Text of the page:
Tear

From Wiki

a separation in flexible material such paper, canvas, or textile. The separation typically begins at the edge of an object and follows along areas of weakness such as folds. (AICC n.d.)

Related Terms

Tear in a 19th century paper document
Tear in a textile

split; separate

Synonyms in English

rip; divide; sever

Translation

English tear
French déchirer
Spanish rasgar
Portuguese lágrima, rasgo
Italian lacerare
German reißen
Russian рвать
Arabic تمزق

Discussion

Tears are usually initiated by mechanical force such as pulling or wrenching and result in partial or complete separation of parts with ragged or uneven edges.

Paper deteriorates rapidly when folded and refolded. (Long 2000) The repetitive manipulation causes paper to tear along fold lines. Tears are repaired for several reasons: to keep them from lengthening, preventing fragments from separating, making artifacts safer for handling, and improving artifact appearance. (NEDCC, n.d.) Tears in paper can be repaired through mending, filling losses, and lining the support structure. Aqueous adhesives, starch-based paste (wheat or rice), or methyl cellulose are used in mending, along with reinforcing paper strips when necessary. Losses can be filled with insets, pulp, or by lining. Fills can be toned to match support. (Asiarta Foundation 2011)

Textiles deteriorate as a result of chemical changes, mechanical wear, and improper handling and storage. (Long 2000) Exposure to light, high temperature, and low relative humidity cause fibers to break down. This breakdown increases fragility, leaving textiles vulnerable to tears. Sharp creases in textiles can also result in fabric splitting and tearing. Weaknesses along lines of sewing can be hand stitched with thread of comparable type and thickness. Darning, with a similar or lighter weight (finger) thread as used in the original weave of the fabric, can repair other types of tears. Additionally, a support fabric of similar weight can be couch stitched behind a tear. (V&A 2014)

Patching or lining can be used to repair a tear in canvas.

References

AIC. BP Chapter 5-Written Documentation. "Glossary of Terms." Accessed 16 March 2014. Retrieved from http://www.conservation-wiki.com/wiki/BP_Chapter_5_-_Written_Documentation#5.6_Glossary_of_Terms.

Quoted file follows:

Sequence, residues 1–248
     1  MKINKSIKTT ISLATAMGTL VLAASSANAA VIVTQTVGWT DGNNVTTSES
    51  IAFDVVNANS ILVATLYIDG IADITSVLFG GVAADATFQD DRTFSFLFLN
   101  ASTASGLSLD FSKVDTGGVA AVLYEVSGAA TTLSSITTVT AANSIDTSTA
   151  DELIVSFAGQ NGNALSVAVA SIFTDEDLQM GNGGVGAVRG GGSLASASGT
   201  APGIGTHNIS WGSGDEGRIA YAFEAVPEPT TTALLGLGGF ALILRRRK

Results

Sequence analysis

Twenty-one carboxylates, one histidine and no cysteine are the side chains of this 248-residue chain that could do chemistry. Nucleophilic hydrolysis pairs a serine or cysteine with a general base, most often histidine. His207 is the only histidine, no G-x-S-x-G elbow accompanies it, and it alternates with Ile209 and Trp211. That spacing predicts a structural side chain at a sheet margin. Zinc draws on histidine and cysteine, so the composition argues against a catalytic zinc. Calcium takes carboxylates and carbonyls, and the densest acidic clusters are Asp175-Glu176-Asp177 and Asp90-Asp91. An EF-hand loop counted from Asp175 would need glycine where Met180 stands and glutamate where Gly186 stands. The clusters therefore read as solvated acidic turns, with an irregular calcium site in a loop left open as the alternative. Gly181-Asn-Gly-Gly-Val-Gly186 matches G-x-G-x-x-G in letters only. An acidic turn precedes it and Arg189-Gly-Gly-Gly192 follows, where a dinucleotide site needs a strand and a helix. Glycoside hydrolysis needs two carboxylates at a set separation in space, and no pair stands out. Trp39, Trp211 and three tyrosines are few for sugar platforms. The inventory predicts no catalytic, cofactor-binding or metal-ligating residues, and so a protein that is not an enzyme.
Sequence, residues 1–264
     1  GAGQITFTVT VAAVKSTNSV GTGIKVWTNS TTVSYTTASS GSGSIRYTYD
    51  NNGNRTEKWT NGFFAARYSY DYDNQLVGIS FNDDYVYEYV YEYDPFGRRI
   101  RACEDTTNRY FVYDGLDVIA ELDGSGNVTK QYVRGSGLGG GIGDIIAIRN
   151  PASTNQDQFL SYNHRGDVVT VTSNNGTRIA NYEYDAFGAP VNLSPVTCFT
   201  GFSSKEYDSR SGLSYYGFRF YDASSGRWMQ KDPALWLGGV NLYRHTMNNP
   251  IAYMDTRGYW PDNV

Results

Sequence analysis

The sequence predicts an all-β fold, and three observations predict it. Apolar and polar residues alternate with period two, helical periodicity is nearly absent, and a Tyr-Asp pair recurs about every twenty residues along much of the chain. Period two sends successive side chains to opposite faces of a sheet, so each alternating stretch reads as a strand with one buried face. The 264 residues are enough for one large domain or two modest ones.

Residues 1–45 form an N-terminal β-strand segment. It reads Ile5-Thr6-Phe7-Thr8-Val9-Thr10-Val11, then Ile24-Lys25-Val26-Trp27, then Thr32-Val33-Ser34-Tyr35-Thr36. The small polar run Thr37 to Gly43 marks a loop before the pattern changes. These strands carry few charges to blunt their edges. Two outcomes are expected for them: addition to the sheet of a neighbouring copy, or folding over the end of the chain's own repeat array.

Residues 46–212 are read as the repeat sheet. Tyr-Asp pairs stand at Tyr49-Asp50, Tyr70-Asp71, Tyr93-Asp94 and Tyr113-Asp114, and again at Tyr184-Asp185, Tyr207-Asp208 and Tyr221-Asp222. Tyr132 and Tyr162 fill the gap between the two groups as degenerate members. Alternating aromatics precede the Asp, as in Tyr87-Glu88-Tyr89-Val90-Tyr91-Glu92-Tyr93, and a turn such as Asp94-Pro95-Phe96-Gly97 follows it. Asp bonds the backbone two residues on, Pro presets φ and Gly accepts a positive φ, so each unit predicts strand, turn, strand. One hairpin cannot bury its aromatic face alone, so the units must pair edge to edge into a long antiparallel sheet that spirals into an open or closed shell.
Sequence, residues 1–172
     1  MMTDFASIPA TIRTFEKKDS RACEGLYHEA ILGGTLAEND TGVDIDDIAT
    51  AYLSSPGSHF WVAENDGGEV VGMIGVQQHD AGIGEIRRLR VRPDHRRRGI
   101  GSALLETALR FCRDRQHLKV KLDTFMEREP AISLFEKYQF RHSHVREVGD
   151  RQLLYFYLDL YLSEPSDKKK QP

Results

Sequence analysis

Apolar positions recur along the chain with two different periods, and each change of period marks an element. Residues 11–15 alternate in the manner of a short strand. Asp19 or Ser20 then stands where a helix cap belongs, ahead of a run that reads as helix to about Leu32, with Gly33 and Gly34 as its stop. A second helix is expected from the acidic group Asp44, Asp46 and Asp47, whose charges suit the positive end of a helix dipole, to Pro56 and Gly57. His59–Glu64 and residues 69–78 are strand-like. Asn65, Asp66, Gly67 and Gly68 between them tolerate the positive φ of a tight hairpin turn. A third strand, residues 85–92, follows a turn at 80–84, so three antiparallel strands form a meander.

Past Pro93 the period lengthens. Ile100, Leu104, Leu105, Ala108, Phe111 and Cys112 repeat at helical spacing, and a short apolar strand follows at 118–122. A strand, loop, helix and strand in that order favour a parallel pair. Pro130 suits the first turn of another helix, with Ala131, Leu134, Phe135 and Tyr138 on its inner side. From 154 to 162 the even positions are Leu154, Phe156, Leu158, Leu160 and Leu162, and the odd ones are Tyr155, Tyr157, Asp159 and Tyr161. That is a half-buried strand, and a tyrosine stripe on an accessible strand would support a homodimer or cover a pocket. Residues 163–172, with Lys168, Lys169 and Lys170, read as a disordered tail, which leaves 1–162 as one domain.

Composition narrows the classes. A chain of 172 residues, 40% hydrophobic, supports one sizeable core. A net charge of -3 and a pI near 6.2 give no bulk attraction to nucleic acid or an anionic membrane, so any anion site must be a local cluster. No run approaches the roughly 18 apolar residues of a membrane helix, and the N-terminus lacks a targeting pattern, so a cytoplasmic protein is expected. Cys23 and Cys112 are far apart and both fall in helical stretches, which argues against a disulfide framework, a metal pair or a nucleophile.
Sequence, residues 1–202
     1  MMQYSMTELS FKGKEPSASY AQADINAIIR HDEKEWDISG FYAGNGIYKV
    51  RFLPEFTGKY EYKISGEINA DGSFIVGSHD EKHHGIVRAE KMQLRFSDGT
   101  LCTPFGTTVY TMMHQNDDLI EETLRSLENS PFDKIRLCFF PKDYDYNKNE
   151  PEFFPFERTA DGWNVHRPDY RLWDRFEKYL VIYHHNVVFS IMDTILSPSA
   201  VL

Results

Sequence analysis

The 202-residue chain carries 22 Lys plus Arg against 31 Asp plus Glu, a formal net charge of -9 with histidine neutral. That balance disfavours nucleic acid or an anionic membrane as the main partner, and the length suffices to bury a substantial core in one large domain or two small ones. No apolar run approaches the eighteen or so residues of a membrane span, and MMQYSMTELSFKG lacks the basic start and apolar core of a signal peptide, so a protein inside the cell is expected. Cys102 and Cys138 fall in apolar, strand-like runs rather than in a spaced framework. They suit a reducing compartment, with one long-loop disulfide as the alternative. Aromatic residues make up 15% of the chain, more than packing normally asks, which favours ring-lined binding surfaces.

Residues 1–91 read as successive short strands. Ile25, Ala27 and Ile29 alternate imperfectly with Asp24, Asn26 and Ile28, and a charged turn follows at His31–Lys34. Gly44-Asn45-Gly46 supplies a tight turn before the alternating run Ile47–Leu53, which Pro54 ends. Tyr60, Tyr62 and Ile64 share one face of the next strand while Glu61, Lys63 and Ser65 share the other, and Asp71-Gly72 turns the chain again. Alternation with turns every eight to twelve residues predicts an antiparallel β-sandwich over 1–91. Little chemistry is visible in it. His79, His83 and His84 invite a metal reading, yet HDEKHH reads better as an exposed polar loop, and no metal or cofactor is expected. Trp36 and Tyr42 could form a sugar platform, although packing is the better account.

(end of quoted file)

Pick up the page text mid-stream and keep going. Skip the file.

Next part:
AICC. "Tear." Accessed 8 March 2014. Retrieved from http://www.aicmm.org.au/visual-glossary/tear.

Asiarta Foundation. "Paper conservation techniques." Last modified 2011. Retrieved from http://www.asiarta.org/introduction-to-conservation/works-of-art-on-paper/paper-conservation-techniques/.

Getty Research Institute. Art and Architecture Online Thesaurus. "Tear." Last modified 2004. Retrieved from http://www.getty.edu/vow/AATFullDisplay?find=tear&logic=AND&note=&english=N&prev_page=1&subjectid=300254138.

Long, Richard, W. Caring for Your Family Treasures. New York: Harry N. Abrams, Inc., 2000.

National Park Service. Museum Handbook, Part I, "Collections." Last modified 2006. Retrieved from http://www.nps.gov/history/museum/publications/Museum%20Handbook%20with%20Quick%20Reference.pdf.

Northeast Conservation Documentation Center. Conservation Procedures 7.3 Repairing Paper Artifacts. Accessed 8 March 2014. Retrieved from http://nedcc.org/free-resources/preservation-leaflets/7.-conservation-procedures/7.3-repairing-paper-artifacts.

Reading, Paulette. Mountain States Art Conservation. "Textiles." Last modified January 2014. Retrieved from http://www.msaconservation.com/paulette-reading-textile-conservation/.

Victoria and Albert Museum. "Repairing and Restoring Textiles." Modified 2014. Retrieved from http://www.vam.ac.uk/content/articles/r/repairing-and-storing-textiles/.


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